Pope Francis is hotter than ever, being Time’s person of the year and all, and people are continously thrilled to see that this is a pope who really cares about the poor and wounded, a pope that criticizes capitalism, wash the feet of young prisoners, and invites the homeless for his birthday meal. A recent article in the Huffington Post discusses how Francis clearly has been impacted by Latin American liberation theology, and it also points out that his Argentinian background has left an impact on him that is seldomly discussed in the media, namely charismatic fire.
On his flight from Rio de Janeiro back to Rome, pope Francis said:
I’ll tell you something about the Charismatic Movement … at the end of the ’70s and in the ’80s, I wasn’t a big fan. I used to say they confused the holy liturgy with a school of samba. I was converted when I got to know them better and saw the good they do. In this moment of the life of the church, the movements are necessary. They’re a grace of the Spirit, and in general, they do much good for the church. The charismatic renewal movement isn’t just about winning back a few Pentecostals, but it serves the church and its renewal.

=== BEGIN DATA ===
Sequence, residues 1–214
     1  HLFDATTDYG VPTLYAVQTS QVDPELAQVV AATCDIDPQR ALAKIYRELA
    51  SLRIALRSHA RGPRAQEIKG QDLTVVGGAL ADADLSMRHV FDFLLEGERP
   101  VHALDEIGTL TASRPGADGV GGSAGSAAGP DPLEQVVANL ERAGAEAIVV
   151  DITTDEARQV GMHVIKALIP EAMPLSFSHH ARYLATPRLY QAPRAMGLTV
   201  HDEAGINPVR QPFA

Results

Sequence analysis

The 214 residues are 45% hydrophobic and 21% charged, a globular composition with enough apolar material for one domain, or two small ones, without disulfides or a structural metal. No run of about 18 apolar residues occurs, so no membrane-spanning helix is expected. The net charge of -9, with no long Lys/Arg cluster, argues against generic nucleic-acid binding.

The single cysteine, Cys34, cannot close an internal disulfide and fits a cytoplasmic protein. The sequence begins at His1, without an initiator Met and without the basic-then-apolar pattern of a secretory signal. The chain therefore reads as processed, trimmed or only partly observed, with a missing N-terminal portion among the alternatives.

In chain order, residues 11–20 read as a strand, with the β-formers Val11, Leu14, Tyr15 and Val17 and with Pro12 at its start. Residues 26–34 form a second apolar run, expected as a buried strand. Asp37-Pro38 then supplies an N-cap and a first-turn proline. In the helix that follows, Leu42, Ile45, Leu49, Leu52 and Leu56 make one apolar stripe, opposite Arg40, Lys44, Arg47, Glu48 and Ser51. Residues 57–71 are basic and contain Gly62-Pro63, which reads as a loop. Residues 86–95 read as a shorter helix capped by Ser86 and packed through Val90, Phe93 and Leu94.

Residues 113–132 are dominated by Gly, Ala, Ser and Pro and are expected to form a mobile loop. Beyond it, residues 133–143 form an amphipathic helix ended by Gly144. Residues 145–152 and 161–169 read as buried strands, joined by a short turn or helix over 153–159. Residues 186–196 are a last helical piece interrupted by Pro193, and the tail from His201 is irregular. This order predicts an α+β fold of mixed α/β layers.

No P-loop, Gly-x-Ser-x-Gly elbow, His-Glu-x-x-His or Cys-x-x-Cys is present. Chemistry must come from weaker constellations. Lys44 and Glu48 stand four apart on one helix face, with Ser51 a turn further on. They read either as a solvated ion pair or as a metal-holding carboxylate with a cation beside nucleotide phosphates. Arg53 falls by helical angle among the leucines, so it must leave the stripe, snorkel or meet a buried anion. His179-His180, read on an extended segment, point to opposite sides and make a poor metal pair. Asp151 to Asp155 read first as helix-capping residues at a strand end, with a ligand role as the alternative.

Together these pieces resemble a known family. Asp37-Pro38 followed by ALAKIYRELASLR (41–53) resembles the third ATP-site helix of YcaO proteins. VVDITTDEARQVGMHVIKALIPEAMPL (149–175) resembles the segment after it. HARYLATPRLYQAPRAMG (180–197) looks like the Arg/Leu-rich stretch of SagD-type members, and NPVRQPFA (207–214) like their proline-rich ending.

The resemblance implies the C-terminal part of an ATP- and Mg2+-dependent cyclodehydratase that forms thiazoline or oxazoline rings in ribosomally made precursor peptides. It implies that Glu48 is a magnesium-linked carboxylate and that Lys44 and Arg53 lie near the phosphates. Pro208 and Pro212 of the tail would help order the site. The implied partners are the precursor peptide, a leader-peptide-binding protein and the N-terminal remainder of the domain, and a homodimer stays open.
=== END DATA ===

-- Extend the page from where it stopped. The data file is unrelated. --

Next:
I have previously pointed out Francis’ love for the gifts of the Spirit, or charisms, in his famous writing Evangelii Gaudum. The charismatic renewal within the Catholic church is especially strong in Latin America, as this clip from the Catholic News Service shows:
Thus, Francis truly walks in the footsteps of Francis of Assissi, combining passionate love for the poor and social justice with charismatic fire and belief in miracles. I’m not a Catholic, but I praise God when I see how Christ-like and Biblical pope Francis is. We need more people like that. Many, many more.